Lamar Jackson and the Ravens are no longer underdogs

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Lamar Jackson said last week that he likes it when he’s the underdog. It wasn’t breaking news.

He’s said it before, sometimes in reference to proving people wrong after being drafted as the fifth QB in 2018 despite being a Heisman Trophy winner. He often said it ahead of games the Baltimore Ravens aren’t necessarily expected to win, like Sunday’s clash with the divisional-rival Cincinnati Bengals.

He may not get to say it much longer.

Despite a small sample, the Ravens look about as convincing as anyone in this early part of the campaign, brushing off the Bengals on Sunday in a 27-24 road win that was more comprehensive than the score makes it look.


AFC North favorites? Maybe not far away from it.

After years of nearly having all the pieces in place, John Harbaugh’s team looks to have discovered the kind of balance that was lacking just enough to produce only two postseason victories — despite five 10-plus win seasons — since the Ravens won the Super Bowl a decade ago.

The last few years have been part-enjoyable, part-frustrating for Ravens fans. Jackson’s talents are undeniably special and the lost opportunity of the 2019 campaign where he won the league MVP, the team went 14-2, but then lost to the Tennessee Titans in the divisional round still stings.

That year aside, there was always the sense that they weren’t making the most of Jackson’s ability, even with the focus on a run-first game that would make the most of his athleticism. This season marks a significant change, but not a complete overhaul by any means.

Offensive coordinator Todd Monken came in from Georgia and set about sparking a tweaked approach. Receiving acquisitions Odell Beckham Jr., Nelson Agholor and draftee Zay Flowers signaled an intent to throw it more, yet despite star runner J.K. Dobbins going down for the season the tactical blueprint against the Bengals called for even-handedness.

Against Cincinnati, the Ravens ran the ball 37 times and passed it 33, with Jackson looking assured and able to fire the ball into whatever spot he liked, a process surely assisted by an outstandingly offensive-line performance.

Jackson was part of the summer collection of quarterback contract signees leveling up for more than $50 million annually, his deal coming in at $260 million over five years. If he finds Monken’s new way to his liking, and it appears that he does, the Ravens start to look seriously dangerous.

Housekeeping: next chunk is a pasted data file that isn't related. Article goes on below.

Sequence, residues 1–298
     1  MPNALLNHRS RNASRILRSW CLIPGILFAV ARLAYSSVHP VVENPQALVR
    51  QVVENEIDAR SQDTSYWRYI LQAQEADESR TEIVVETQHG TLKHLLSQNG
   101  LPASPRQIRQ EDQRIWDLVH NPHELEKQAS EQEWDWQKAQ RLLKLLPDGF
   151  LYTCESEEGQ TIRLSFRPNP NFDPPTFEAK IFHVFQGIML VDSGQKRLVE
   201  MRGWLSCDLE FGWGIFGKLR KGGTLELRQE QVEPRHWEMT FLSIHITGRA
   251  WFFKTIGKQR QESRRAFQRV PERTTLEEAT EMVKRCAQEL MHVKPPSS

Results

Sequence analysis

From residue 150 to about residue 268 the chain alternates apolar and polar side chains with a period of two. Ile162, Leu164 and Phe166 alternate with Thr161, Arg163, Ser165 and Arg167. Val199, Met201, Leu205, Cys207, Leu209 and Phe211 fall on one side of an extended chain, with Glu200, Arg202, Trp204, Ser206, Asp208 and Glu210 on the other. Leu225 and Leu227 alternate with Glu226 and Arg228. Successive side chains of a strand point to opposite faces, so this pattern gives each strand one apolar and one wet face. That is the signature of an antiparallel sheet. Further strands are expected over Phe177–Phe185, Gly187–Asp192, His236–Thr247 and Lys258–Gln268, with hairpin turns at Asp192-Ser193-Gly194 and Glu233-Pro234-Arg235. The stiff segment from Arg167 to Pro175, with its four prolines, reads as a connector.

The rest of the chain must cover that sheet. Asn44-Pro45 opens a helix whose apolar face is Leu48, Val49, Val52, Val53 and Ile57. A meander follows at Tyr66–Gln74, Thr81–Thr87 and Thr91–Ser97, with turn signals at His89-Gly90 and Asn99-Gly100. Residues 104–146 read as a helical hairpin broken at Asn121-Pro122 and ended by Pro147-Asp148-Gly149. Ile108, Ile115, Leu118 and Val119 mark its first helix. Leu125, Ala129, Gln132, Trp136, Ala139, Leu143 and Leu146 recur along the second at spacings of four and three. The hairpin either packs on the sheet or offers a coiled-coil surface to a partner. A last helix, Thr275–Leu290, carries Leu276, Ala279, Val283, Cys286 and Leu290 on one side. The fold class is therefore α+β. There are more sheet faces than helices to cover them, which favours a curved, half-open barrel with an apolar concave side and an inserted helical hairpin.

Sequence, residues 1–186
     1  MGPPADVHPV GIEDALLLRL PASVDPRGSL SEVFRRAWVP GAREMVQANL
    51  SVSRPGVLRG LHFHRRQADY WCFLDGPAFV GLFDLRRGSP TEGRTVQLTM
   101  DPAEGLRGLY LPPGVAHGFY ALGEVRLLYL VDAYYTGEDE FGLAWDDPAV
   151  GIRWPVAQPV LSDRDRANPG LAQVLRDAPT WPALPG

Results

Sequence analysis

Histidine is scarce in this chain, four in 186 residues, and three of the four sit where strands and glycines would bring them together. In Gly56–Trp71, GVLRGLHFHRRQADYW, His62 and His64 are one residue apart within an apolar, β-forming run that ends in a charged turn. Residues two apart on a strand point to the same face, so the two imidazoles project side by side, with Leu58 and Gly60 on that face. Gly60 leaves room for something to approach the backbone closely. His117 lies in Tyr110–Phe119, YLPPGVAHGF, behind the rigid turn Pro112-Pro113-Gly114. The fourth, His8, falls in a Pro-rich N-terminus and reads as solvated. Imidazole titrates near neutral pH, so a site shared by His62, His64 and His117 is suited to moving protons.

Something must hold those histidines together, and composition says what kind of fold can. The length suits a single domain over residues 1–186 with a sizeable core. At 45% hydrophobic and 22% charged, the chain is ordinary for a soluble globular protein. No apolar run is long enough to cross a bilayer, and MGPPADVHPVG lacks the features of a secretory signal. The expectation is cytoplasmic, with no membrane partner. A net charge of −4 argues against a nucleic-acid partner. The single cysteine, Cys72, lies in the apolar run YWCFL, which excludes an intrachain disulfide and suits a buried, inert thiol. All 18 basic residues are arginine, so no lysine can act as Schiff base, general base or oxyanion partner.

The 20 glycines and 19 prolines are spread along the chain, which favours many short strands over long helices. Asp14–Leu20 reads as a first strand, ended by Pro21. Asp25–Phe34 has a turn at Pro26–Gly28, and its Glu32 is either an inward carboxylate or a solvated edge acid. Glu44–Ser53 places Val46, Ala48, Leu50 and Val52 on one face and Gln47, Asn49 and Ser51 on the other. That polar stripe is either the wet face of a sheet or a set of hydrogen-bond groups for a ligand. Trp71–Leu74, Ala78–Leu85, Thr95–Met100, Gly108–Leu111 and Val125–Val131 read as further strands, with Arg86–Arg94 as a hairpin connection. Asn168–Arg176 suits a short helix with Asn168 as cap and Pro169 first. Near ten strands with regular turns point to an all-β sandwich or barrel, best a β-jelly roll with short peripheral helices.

Skip doubles down: Lamar Jackson and the Ravens will win Super Bowl LVIII

Skip doubles down: Lamar Jackson and the Ravens will win Super Bowl LVIII

“I thought Lamar played great football,” Harbaugh told reporters. “Lamar played winning football. He got in rhythm early, hit some passes, made some huge plays throwing the ball down the field. He does it. He wants to win. That’s what he’s all about. I’m just so impressed with his competitiveness and how he played.”

Jackson threw efficiently for 237 yards and two touchdowns and added another 54 with his feet, and while the reality holds that it’s a long season with plenty of twists looming, the Ravens are well-founded in having a genuine feel of optimism.

With so much talk about the Bengals as one of the forces to be reckoned with in the AFC and no love lost between the teams, you’d better believe Baltimore enjoyed being the ones to stick Cincinnati in a minor hole at 0-2.

No one expects Joe Burrow and company to continue floundering this badly, but the mini-gap opened up at the top of the AFC North could be significant and the Ravens will like their chances of contending strongly for the division’s top seed.

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“Like I’ve been saying since camp, the sky’s the limit for this team,” Jackson said. “We fought how we were supposed to. We just did what we were supposed to do.”

Next week brings to town the Indianapolis Colts, for whom standout rookie QB Anthony Richardson suffered a concussion this weekend. Following that, AFC North action heats up further, with the Cleveland Browns and Pittsburgh Steelers on the docket in consecutive weeks.

The Ravens have stability and if enough offensive explosiveness can be injected to enable them to get the most out their assets, their threat — both in the division and the AFC — should not be discounted.

The signs on that front are positive and though a lot can happen over the remaining months, they don’t feel much like an underdog right now.

Martin Rogers is a columnist for FOX Sports and the author of the FOX Sports Insider newsletter. Follow him on Twitter at @MRogersFOX and subscribe to the daily newsletter.

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